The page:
This espresso press is something else. I’ve never seen anything quite like this industrial inspired hunk of metal. Selfridges asked me to take a look at it to celebrate their #bethebarista campaign and I’m in love! It’s such a genius design and exactly the type of wonder I expect to stumble across in their stores. Watch me pull a shot:
Now, let’s get to the serious coffee talk. I’ve really enjoyed getting to know my ROK and learning how to tweak it’s variables so I thought I’d share a culmination of reading, practice and research whilst desperately seeking that perfect coffee. I’ll be using the ROK and a french press as the examples because I personally feel they’re the two gadgets that will teach you the most.
For National Cupcake week I decided I’d ask the community on my Facebook page what they’d like to see me make. There were calls for Ferrero Rocher cakes, Kinder Bueno, Sherbet Lemon, all sorts of drool worthy ideas but the second I saw the shout for Lindt Lindor I knew I had to go with that. So here we are. Cupcakes topped with a salted caramel butter cream and a Caramel Lindt Lindor centre.
I made a batch with a Lindor baked in, and a batch with it added after. Testing variables like this is all part of how I develop my recipes and normally helps me to recommend the best way to do something. This time however, the jury was out so I’ll give you directions for both options in the recipe. You can choose between baking the Lindor in to the cake transforming its center in to a permanent liquid caramel chocolate or popping one in after baking, giving a firm bite and no mess. My cake tester (Mum) preferred the molten version, but for me the solid Lindor was the winner. It’s up to you, you could always do half and half.
The cupcake its self isn’t caramel flavoured, I feel that would have led to a case of ‘too much of a good thing’ as caramel can quite quickly become sickly. The icing sugar I’m using is courtesy of Sugar and Crumbs who make twenty-five different icing sugar flavours and although it’s a bit more expensive than standard stuff, I was blown away by their salted caramel flavour. I don’t think I could replicate it easily any other way.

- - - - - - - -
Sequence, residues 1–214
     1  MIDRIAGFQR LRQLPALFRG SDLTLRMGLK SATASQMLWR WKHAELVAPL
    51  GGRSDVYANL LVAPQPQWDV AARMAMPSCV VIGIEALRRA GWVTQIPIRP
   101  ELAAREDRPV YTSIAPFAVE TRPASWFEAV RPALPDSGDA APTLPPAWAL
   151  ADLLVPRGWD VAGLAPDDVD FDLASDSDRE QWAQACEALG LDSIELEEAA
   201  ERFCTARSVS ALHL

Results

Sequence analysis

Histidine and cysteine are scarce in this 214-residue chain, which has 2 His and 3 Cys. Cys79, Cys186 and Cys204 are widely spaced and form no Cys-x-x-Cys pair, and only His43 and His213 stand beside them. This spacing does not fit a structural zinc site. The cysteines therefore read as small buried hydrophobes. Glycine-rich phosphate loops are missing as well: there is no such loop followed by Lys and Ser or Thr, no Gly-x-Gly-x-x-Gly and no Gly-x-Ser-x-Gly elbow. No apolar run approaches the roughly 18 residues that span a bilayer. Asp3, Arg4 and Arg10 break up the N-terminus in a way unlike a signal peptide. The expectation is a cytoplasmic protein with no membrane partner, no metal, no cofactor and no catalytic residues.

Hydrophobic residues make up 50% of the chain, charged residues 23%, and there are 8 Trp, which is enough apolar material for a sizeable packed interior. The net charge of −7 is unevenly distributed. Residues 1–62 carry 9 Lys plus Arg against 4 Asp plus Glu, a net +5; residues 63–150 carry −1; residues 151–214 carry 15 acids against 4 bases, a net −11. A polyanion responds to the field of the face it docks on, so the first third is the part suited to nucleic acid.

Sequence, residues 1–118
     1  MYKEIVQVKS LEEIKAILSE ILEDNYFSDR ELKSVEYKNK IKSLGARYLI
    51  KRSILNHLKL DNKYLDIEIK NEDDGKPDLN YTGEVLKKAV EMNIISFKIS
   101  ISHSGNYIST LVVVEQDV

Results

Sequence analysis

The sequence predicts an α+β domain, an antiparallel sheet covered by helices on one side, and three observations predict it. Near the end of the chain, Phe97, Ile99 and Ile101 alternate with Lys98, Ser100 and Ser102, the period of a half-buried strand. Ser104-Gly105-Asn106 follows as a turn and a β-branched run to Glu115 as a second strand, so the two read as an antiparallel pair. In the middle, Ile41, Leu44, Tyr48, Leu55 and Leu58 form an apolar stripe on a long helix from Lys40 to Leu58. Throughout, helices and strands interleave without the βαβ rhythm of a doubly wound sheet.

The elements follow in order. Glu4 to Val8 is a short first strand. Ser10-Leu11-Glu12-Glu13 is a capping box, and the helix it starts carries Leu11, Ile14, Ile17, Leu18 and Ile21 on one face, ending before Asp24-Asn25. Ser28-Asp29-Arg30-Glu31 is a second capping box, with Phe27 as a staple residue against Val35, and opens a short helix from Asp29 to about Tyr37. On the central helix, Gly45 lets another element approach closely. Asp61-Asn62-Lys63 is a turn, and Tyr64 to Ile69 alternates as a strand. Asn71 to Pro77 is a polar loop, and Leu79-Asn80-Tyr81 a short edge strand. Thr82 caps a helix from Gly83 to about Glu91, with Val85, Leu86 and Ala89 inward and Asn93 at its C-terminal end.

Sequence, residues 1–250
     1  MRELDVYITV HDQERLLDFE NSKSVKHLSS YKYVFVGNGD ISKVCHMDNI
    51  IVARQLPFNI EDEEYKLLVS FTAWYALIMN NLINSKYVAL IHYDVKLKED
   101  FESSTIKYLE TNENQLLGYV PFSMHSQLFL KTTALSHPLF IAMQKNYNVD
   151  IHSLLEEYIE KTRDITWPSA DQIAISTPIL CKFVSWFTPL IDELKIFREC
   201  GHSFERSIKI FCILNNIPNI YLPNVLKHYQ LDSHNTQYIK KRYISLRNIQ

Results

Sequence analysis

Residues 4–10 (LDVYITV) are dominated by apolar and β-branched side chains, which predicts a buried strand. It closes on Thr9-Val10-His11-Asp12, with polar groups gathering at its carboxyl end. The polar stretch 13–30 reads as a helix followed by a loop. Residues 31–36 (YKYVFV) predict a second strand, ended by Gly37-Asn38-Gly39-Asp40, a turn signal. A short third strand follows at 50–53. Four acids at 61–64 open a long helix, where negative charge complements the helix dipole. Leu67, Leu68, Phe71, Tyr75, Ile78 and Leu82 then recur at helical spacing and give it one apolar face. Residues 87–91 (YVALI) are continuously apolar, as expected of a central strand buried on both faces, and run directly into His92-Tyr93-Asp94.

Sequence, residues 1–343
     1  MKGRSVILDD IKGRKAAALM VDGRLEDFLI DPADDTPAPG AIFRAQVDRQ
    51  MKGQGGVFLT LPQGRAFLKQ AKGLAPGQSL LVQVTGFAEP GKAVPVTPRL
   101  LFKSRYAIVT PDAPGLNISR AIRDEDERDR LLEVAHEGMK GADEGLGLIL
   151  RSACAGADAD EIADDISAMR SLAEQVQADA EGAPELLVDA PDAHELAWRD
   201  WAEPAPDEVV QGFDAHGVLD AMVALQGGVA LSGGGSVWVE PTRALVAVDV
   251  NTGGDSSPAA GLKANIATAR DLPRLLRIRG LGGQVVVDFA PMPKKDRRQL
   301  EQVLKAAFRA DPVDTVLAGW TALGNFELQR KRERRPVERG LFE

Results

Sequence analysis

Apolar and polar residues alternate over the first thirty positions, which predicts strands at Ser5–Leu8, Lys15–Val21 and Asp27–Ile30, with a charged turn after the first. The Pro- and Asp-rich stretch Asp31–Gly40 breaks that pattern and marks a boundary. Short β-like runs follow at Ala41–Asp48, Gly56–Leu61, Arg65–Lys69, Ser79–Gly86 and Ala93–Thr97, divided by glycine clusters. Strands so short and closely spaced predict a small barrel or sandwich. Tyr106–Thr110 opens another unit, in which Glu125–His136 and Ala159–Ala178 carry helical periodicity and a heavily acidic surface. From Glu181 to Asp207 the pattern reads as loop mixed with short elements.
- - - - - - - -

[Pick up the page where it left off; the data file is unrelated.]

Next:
This recipe makes 6 large cupcakes/muffins, perfect for small house holds or solo bakers, but feel free to double or even treble up for a bigger batch. You’ll need:
Preheat the oven to 200 degrees Celcius and line a muffin tin with cake cases. Combine the butter, sugar, flour, eggs and baking powder in one large bowl and beat until the mixture is well incorporated and smooth. If using an electric whisk or food processor, it takes around 2 minutes.
Spoon the mixture in to the cake cases until half full. If you’d like to bake your Lindt Lindor in, rest one on top of the mixture in each case. There’s no need to press them in, the cake will come up to cover them.
Bake for 15 minutes or until the cakes bounce pack when pressed and are golden brown.
Transfer the cakes to a wire rack to cool. If you’re choosing to add the Lindt Lindor after baking, use a cupcake corer or the handle of a teaspoon to cut out the centre of the cake to fit the Lindor leaving the base of the cake intact. Whilst the cakes are still warm, push the Lindor in to the hole, trimming excess cake from the cut out before placing back on top.